"The earth is at the same time mother, She is mother of all that is natural, mother of all that is human. She is mother of all, for contained in her are the seeds of all. The earth of human kind contains all moistness, all verdancy, all germinating power. It is in so many ways fruitful. All creation comes from it. Yet it forms not only the basic raw material for humankind, but also the substance of the incarnation of God's son." -Hildegarde von Bingen
The twining vines that lace the sides of the Hildegarde Icon represent Viriditas, as well as the color of her nuns' habit. Also on the right side of the piece is a vine of Passion Flowers. Passion Flowers were not native to Germany, but I included them because the "Passion" in "passion flower" refers to the passion of Jesus Christ. In the 15th and 16th centuries, Spanish missionaries associated the different flower parts and structures of Passiflora, as symbols of the last days of Jesus and his crucifixion.
Besides her writing career, Hildegarde was an accomplished musician, and composed sixty nine musical compositions with original poetic texts. She also composed the Ordo Virtunum, a liturgical drama about vices and virtues, which is the oldest surviving morality play. She also wrote her own language, called the Lingua Ignota, which was a modified medieval Latin. It is believed she created this language to increase solidarity among her nuns.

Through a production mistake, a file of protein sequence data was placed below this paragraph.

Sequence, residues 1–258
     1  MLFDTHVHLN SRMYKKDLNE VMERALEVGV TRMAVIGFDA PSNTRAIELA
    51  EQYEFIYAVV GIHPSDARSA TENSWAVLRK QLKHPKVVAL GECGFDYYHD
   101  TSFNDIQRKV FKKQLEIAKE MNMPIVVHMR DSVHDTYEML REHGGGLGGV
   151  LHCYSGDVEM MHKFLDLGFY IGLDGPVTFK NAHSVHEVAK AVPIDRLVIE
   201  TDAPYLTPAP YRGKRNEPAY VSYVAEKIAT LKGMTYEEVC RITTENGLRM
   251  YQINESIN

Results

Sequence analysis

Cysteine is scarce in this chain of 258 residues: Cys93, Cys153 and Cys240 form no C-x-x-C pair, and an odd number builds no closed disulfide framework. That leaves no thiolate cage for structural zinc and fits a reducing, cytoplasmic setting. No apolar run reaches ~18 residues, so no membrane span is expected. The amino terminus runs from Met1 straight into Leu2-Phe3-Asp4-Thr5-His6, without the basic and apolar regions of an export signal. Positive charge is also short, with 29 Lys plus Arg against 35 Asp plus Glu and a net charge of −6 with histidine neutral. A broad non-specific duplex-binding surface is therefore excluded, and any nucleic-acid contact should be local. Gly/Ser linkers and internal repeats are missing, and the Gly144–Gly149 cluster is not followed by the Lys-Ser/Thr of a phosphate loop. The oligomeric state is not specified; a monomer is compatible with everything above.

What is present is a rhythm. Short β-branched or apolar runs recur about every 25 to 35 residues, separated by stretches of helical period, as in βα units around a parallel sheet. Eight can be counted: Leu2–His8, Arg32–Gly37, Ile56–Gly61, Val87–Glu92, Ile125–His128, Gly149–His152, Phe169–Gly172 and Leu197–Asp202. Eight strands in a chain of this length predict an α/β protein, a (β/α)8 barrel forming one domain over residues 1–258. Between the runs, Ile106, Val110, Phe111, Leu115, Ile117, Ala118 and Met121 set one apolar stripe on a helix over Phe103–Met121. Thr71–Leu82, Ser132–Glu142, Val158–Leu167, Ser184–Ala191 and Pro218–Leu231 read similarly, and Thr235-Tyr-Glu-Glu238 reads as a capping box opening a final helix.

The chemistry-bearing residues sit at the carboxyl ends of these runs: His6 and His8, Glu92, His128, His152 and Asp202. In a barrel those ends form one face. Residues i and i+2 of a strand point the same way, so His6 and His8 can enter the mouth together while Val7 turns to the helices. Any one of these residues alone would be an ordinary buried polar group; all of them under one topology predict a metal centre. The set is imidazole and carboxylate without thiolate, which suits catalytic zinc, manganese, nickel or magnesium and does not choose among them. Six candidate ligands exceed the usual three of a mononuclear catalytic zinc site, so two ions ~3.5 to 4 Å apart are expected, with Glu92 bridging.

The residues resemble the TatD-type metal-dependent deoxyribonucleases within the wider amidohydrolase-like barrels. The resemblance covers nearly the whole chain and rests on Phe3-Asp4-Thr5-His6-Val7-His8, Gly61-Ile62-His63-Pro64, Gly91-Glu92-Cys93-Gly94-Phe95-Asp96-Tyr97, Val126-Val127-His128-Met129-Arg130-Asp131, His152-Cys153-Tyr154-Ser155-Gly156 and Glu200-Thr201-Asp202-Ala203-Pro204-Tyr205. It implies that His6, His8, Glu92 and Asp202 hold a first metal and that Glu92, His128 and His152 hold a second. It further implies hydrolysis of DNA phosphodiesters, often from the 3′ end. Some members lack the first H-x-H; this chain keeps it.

Hildegarde also wrote and received an extensive amount of letters, numbering 390, if not more. She corresponded with emperors, kings, queens, popes, archbishops, abbesses, abbots, nuns, monks, and laymen and women. People wrote asking not only her advice but her prophecies of the future. By believing herself to be the voice of God (and others believing that as well), she was able to be forthright in a way that women of her time would never been allowed. She considered herself to be a means of transmitting God's message which often were attacks on corruption in both church and state, and vices of her fellow clergy or of people in power. She often referred to Justice as the "daughter of God". She also took her (Gods') message to the people, conducting four preaching tours throughout Germany, denouncing clerical corruption and calling for reform. In this way she became a powerful figure in the politics, which is extraordinary for a woman in medieval times.